President Shimon Peres and his Egyptian counterpart, Hosni Mubarak, issued a joint call on Sunday for Israel and the Palestinians to begin direct peace negotiations as soon as possible.
The two opened a meeting in Cairo by declaring their unified stance on the matter, warning that both Israel and the Palestinians must not miss out on the window of opportunity currently open for the process. Egyptian chief negotiator Omer Suleiman and its foreign minister, Ahmed Aboul-Gheit, also took part in the conference.
"Peres expressed to Mubarak that Israel, under Prime Minister [Benjamin] Netanyahu, is serious in its intentions to open direct peace talks immediately, and to hold serious and comprehensive negotiations to allow for a peace agreement with the Palestinians on the principle of two states for two people," the President's Office said in a statement.
During the meeting, Mubarak briefed Peres on the details of last week's Arab League session in which the 22-member body gave a green light to beginning the process of direct talks.
Netanyahu: Direct peace talks could begin this month
Netanyahu told his cabinet during its weekly meeting on Sunday that the face-to-face-negotiations could begin by mid-August, though he accused the Palestinians of stalling the process.
"It appears that direct talks will begin in mid-August, but this has not been confirmed, and we will become clear in the next few day," Netanyahu told the weekly cabinet meeting in Jerusalem.
Palestinian President Mahmoud Abbas has come under increasing international pressure to move from U.S.-mediated talks, which began in May after a 15-month break in official contact between the sides, to direct negotiations.
Abbas has so far resisted the move but last week the Arab League apparently undermined his position by formally backing direct talks.
Netanyahu told ministers that he had won support from Mubarak and Jordan's King Abdullah for the talks, and accused Abbas of stalling the process.
"I met with Mubarak and Abdullah and talked with them about direct talks," he said. "We took some very difficult steps, but the Palestinians have done nothing. In indirect negotiations, both sides spoke with the Americans, who did not pass information on to the other side."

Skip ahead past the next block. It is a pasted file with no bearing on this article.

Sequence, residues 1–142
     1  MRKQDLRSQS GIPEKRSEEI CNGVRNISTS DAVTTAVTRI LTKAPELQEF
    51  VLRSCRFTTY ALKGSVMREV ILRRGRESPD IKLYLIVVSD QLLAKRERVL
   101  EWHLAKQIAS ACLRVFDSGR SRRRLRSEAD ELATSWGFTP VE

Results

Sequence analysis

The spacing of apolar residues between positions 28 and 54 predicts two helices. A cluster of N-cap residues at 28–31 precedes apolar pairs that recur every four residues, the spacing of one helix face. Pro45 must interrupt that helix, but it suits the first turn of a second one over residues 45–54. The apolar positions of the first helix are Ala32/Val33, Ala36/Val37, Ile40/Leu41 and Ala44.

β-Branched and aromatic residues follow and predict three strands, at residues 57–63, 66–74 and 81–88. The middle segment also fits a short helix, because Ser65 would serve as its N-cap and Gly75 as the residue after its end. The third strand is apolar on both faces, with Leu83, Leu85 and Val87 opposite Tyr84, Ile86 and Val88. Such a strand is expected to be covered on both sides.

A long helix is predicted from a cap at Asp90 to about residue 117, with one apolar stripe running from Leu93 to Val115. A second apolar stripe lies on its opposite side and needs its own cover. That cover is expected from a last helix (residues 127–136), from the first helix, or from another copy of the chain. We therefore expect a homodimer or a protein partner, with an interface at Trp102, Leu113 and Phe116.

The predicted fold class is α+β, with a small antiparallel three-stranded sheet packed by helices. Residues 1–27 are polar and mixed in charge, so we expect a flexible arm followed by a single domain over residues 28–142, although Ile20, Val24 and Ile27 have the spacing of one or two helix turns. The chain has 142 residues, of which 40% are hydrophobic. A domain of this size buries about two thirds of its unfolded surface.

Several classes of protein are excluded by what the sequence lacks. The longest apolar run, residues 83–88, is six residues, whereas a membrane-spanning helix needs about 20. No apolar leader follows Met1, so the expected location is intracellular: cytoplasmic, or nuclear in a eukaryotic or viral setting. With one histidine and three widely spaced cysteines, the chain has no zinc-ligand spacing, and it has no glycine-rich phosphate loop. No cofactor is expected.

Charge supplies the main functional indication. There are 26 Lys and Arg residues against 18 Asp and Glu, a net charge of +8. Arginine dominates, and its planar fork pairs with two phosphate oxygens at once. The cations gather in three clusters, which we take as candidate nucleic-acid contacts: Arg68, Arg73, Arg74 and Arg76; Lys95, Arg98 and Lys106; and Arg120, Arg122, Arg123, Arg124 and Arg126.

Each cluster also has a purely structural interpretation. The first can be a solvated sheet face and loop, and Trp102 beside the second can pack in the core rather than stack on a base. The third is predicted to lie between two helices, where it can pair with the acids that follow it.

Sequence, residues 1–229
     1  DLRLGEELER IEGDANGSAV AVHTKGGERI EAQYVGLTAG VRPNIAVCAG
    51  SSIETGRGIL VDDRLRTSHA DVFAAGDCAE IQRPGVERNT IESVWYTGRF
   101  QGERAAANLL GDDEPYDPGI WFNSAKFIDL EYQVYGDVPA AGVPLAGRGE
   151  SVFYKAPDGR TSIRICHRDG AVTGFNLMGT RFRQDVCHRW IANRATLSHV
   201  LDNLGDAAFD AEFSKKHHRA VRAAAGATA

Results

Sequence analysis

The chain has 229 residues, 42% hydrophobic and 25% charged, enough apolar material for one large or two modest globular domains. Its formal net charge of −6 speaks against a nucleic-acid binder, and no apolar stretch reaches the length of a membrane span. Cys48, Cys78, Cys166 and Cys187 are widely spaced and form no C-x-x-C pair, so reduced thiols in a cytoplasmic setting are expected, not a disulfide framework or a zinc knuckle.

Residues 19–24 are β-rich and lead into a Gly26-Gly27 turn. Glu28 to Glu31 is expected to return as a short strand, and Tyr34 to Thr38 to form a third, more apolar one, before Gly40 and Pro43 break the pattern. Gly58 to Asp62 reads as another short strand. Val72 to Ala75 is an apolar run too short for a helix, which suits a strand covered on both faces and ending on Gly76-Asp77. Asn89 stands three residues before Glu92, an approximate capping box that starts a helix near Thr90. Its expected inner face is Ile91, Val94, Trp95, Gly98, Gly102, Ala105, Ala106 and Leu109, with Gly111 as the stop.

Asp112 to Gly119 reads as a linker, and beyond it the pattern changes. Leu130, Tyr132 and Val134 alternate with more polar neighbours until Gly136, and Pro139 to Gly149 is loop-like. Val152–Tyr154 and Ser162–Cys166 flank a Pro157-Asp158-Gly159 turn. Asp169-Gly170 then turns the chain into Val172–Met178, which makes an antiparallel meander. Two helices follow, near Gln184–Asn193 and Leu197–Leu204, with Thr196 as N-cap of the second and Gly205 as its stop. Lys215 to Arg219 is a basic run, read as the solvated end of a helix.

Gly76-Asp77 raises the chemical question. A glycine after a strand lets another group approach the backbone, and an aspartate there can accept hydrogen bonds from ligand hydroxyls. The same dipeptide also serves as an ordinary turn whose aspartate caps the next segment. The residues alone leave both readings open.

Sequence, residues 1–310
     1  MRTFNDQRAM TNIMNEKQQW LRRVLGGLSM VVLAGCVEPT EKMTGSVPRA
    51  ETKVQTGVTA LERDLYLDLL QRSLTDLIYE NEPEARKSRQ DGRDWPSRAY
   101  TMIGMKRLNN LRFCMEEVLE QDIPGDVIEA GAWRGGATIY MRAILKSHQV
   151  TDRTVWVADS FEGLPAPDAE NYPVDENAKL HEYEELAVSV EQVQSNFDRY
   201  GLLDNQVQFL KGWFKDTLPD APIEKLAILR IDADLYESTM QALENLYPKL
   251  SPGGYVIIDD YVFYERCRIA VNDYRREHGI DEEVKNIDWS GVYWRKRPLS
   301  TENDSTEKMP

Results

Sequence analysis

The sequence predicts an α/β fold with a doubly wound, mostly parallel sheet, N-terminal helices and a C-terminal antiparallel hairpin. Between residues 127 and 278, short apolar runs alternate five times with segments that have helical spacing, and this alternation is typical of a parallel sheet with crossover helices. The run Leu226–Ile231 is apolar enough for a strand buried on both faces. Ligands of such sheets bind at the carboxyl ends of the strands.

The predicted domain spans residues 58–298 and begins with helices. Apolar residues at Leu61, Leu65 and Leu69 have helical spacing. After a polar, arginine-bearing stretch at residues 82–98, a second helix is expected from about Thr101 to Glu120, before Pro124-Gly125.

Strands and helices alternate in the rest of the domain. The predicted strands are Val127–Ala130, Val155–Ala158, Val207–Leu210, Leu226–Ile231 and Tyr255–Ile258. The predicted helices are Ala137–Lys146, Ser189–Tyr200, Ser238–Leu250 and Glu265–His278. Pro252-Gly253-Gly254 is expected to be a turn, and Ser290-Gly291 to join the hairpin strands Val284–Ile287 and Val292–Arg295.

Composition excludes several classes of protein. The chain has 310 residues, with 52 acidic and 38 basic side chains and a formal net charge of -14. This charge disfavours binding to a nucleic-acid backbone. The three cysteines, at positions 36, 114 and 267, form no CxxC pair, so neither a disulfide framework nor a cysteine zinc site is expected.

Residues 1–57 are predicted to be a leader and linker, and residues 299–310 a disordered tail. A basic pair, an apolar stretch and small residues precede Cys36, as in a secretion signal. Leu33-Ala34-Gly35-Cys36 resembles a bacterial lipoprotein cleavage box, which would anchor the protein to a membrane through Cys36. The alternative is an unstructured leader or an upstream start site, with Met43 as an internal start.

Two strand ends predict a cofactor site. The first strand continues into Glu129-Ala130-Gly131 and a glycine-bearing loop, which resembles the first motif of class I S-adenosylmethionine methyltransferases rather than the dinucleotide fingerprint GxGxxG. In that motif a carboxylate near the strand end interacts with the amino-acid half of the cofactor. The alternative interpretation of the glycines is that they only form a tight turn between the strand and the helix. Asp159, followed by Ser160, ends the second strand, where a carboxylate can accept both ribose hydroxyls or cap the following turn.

During the cabinet meeting, Regional Development Minister Silvan Shalom asked Netanyahu to clarify a report in Haaretz on Saturday, which quoted that Palestinian chief negotiator Saeb Erekat, who said the Palestinians had submitted a far-reaching peace proposal to the U.S. administration of President Barack Obama.
According to Erekat, the offer was more generous than any previous Palestinian proposal.
Erekat said the PA's detailed offer would end the conflict with Israel and resolve all Palestinian claims - but that he had not yet received an answer from Israel.
As well as discussing the peace talks, Netanyahu also made reference to Friday's rocket attack on the city of Ashkelon, for which Israel retaliated by bombing targets in the Gaza Strip, killing a Hamas militant commander.
"Hamas is responsible for any attack that originates in the Gaza strip, and Israel reserves the right to defend its citizens," he said.
On Sunday, Erekat reponded to the prime minister's comments by saying that the starting date for talks depended on Netanyahu's willingness to suspend Jewish settlement building in the West Bank and East Jerusalem, Israel Radio reported.
A temporary construction freeze - which does not include East Jerusalem - is due to expire in September.
According to the radio report, which cited Palestinian sources quoted by an Arabic-language daily Al-Hayat, Israel is planning a series of gestures aimed at boosting Palestinian confidence ahead of the anticipated renewal of direct talks.
These were to include transfer to the PA control of several Palestinian towns, releasing Palestinian prisoners in Israeli jails and giving Palestinian security forces more authority to restrict the entry of Israeli forces into areas they control, the report said.
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